The following examples further illustrate the unexpectedly low water absorption or take-up of the present materials. Mica paper was treated with silyl peroxide as in Example 1 above and then impregnated with various resins and cured under heat and pressure. The resins used were 2-ethyl hexyl acrylate monomer containing 5 percent ethylene glycol maleate unsaturated alkyd resin (Monomer A) along with 1.5 percent t-butyl perbenzoate as a curing catalyst. Other suitable curing catalysts are described in the literature, for example, U.S. Pat. No. 3,334,063. Monomer B consisted of Monomer A with the addition of 5 percent by weight acrylic rubber, specifically Goodrich Hycar 402 l. Monomer C consisted of Monomer B with the addition of 10 percent alphamethyl polystyrene (Dow 276-V9). The mica paper impregnated with the resin indicated was laid up into a four-ply structure and press cured at psi for one-half hour at 220F, for one-half hour at 250F, and then for one-half hour at 300F. The laminates were then immersed in water for 24 hours along with laminates made in a similar manner, with the exception of the silyl peroxide treatment.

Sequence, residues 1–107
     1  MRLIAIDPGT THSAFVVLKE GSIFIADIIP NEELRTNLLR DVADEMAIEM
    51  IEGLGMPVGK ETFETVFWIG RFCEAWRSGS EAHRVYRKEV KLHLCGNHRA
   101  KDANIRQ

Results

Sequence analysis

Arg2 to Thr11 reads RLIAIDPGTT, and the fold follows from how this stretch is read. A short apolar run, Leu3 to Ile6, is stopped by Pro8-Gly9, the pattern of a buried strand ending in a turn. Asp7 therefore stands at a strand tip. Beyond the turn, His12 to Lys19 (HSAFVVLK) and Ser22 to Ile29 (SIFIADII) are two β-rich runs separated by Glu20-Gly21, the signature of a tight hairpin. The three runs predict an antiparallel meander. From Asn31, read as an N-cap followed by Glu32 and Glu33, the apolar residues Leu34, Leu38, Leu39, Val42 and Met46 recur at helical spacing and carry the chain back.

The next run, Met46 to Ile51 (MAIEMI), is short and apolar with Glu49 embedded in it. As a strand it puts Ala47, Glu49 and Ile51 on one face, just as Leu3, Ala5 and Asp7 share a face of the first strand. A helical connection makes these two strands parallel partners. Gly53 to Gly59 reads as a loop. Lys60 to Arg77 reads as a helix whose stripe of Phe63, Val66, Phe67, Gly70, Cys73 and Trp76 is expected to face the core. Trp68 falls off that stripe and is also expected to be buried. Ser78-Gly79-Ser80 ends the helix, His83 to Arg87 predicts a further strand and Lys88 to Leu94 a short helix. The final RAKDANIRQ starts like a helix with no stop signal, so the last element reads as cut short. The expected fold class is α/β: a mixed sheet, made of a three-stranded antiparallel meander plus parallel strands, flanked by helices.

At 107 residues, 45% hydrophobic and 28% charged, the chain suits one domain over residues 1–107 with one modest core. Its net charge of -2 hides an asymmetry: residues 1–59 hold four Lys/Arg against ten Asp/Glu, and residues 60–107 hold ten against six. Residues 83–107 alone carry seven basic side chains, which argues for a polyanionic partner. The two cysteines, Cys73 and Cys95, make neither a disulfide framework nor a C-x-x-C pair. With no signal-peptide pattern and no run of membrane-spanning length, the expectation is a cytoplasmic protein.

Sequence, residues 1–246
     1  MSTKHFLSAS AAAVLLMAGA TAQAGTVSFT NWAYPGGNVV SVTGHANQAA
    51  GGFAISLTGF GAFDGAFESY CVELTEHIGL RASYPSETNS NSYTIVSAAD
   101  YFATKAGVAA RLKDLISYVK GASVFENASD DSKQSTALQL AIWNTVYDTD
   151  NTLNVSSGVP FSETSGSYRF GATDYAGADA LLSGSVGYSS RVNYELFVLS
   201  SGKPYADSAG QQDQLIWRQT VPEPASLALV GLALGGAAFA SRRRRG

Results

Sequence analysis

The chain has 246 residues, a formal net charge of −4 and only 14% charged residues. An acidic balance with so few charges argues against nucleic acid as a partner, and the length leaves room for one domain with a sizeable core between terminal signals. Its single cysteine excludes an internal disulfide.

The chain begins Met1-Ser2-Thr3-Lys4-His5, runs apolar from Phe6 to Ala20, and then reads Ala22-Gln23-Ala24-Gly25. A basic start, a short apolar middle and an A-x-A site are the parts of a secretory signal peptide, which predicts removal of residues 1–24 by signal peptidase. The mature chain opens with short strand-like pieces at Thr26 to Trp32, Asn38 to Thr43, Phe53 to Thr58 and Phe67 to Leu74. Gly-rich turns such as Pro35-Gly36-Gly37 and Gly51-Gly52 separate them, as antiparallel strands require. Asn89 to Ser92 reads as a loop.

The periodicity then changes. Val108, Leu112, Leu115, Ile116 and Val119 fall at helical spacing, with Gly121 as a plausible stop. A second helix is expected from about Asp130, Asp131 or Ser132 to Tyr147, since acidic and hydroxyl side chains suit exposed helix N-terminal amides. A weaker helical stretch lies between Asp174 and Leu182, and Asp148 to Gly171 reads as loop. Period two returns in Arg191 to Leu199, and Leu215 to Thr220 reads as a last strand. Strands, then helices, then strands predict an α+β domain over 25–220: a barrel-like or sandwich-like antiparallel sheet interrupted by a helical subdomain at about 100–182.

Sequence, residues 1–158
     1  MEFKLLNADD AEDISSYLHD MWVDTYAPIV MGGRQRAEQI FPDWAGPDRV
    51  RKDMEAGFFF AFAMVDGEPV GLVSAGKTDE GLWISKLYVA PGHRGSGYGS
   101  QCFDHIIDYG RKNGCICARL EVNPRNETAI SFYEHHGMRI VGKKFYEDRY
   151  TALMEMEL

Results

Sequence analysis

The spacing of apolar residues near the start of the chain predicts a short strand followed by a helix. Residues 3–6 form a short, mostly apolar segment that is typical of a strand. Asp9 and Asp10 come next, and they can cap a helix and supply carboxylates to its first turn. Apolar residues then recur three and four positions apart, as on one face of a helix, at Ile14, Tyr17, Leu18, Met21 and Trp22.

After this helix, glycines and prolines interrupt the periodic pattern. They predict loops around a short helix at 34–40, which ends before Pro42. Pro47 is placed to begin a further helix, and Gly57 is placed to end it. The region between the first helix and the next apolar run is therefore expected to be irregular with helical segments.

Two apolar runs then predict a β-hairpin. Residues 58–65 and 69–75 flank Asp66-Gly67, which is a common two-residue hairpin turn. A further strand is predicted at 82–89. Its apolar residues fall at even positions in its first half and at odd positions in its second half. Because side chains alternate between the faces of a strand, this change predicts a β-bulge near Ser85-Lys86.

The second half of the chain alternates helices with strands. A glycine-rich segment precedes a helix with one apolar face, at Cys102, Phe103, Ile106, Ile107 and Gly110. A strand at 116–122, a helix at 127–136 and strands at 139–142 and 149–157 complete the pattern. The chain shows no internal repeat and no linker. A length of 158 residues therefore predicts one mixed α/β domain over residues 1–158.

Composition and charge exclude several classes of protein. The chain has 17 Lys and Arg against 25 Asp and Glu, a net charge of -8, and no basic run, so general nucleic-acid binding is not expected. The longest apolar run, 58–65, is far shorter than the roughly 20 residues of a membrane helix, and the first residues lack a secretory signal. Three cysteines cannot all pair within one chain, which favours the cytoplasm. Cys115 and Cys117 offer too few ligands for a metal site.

Shown in the table below is the water absorption of the various laminates after 24 hours, it being quite apparent that the present silyl peroxide treatment far and away enhances the water resistance of the mica paper laminates.